6. I can so relate to this post, Both to losing things and to the feelings of shame and anger when they can’t be found. It’s a frequent cause of meltdowns for me. You should build the belt-loop device you talk about. You’d make a fortune. I frequently wish I could phone my wallet or my keys or my sunglasses like I can my mobile phone when I lose it! It’s the only reason I have a landline. Another thing I find frustrating is when I have a system for filing papers and I go to the place where the paper I am missing should be and everything else is there apart from the one thing I want. Grrrr. I know it is me putting things in the wrong place but it does sometimes feel like I live with mischievous pixies who move my belongings when I’m not looking!

    Liked by 1 person

  7. I do this all the time. That’s why I had my hubby install a special coat rack. It’s only two bars with a second loop on each. He hangs his coat on the lower one and his hat on the higher one. I do keys and purse on the lower one and coat on higher one. It does help a lot. No chance of losing them in the couch.

    Liked by 1 person

    1. Thank you so much for your support and suggestion! 😊😊. Yeah, I generally have a “system” of just a handful of places in which I put different important things, but alas, all my safeties flew out the window when I had to alter my routine 😱 Systems like you described are incredibly helpful, though! They save my butt on a regular basis! 💜💞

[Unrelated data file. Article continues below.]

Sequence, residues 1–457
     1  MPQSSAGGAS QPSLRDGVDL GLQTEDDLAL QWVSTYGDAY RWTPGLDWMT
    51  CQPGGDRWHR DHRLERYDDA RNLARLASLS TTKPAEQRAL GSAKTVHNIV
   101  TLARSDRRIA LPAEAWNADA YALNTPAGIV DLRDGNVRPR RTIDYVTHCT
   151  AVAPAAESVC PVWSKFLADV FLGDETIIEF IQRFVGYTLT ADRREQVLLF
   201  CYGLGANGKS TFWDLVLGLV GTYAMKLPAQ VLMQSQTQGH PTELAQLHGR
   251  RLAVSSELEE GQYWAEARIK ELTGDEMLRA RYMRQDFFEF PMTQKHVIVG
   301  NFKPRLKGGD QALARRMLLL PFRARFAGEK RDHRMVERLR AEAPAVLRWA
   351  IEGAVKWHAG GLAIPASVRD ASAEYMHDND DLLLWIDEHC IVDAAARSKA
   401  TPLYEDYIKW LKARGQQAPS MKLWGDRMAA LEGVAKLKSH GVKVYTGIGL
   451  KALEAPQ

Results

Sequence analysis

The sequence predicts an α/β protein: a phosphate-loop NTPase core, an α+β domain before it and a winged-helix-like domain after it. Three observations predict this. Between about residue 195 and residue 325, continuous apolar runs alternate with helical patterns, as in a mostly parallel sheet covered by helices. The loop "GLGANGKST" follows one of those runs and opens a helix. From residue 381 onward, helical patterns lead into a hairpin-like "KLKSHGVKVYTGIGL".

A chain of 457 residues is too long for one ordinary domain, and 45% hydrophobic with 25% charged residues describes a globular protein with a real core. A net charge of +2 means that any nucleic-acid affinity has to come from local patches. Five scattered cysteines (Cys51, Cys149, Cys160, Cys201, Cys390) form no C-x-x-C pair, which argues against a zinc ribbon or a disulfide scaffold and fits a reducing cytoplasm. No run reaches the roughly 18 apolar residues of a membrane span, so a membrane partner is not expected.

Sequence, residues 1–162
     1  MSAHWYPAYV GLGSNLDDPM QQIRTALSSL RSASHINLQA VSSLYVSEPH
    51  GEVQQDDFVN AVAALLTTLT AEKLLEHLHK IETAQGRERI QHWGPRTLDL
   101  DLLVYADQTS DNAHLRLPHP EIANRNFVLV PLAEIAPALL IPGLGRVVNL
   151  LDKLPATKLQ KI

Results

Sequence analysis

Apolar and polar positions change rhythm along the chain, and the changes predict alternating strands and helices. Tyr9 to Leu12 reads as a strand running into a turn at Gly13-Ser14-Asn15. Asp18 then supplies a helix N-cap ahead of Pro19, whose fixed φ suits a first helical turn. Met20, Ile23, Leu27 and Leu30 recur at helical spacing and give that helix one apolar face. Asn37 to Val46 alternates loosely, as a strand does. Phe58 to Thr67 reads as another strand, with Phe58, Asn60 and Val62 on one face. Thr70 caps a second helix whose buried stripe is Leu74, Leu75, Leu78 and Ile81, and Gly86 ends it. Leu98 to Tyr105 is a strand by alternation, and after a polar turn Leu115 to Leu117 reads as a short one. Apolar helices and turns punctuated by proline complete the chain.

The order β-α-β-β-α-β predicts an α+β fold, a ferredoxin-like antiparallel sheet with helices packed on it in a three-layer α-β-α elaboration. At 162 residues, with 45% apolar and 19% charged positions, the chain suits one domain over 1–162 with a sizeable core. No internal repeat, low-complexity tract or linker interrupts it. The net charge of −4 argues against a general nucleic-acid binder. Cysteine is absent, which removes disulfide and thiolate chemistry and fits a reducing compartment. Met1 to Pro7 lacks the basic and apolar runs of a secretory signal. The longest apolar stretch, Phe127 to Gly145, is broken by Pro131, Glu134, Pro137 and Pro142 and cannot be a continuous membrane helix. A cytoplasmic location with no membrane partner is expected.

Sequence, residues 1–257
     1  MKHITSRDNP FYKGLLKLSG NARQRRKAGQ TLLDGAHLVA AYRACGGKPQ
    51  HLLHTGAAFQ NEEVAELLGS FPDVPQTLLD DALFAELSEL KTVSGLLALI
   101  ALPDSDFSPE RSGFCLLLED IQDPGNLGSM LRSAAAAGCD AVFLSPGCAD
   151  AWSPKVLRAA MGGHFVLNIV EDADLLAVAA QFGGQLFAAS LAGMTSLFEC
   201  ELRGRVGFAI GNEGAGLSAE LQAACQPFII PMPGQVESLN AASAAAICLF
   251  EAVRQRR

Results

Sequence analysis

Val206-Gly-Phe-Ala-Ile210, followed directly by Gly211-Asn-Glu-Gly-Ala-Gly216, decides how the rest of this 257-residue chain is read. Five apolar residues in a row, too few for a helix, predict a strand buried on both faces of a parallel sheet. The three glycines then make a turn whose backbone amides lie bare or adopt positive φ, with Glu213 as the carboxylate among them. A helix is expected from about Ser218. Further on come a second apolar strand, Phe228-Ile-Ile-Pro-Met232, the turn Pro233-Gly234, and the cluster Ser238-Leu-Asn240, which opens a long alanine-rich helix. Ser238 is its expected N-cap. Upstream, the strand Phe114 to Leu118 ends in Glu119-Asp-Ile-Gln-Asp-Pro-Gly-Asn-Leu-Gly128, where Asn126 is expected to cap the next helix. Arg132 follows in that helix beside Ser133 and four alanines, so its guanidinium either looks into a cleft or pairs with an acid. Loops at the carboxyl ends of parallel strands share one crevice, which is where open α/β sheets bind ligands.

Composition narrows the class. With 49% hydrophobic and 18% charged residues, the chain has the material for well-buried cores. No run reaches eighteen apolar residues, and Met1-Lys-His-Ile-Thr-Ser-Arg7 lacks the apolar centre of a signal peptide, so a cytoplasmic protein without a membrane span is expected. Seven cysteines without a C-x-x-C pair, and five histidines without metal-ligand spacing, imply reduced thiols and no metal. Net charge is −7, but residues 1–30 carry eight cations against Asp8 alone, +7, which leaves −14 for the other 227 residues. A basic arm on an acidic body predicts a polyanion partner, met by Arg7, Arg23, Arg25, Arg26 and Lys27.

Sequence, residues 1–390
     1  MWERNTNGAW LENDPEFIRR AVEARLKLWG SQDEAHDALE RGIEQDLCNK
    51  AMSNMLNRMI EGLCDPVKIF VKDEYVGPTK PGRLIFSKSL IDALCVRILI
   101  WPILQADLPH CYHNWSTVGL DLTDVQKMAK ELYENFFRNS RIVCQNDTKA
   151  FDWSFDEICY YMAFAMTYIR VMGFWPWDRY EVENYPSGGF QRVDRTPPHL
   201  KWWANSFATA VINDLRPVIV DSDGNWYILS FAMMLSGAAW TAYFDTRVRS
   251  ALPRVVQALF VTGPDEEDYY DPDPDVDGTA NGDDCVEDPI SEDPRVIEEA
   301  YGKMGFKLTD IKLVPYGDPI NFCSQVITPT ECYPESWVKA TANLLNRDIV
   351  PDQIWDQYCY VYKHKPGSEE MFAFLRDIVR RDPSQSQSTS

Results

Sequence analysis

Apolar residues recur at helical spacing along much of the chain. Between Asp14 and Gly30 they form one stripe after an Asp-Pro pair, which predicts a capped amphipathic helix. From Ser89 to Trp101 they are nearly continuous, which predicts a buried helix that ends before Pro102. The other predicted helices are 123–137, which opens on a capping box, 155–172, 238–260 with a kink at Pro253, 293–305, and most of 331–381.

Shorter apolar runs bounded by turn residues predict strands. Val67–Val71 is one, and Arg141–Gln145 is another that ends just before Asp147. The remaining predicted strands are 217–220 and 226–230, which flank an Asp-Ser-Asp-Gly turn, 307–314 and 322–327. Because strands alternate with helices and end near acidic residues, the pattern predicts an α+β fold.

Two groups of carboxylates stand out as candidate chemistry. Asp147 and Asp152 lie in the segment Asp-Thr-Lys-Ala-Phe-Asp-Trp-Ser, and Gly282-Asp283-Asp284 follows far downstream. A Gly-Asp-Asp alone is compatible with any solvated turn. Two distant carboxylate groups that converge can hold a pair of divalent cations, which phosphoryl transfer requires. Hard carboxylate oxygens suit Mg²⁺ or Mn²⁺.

8. Your feelings are your feelings–please dont think I’m trying to “correct” them. But it sounds like you have a very busy life, and under those circumstances EVERYBODY loses keys, phone, glasses, essential papers, etc. Just being human–no shame necessary

    Liked by 1 person

  9. Hence spending substantial amounts of money so I can find things without panicking, ‘wigging’ (meltdowns??) and wasting vast amounts of time and energy.

    This means a structured environment, with an emphasis upon function, rather than the impression-management-driven insistence upon ‘fashion’ common to nts/Normies/ whatever full-of-themselves non-autistic people are properly named as.

    Yep, so that means I’m behaviorally rigid. Given what ‘doing things the Normie way’ actually means – I’ll pay that cost. It’s a cheap one.

    Liked by 1 person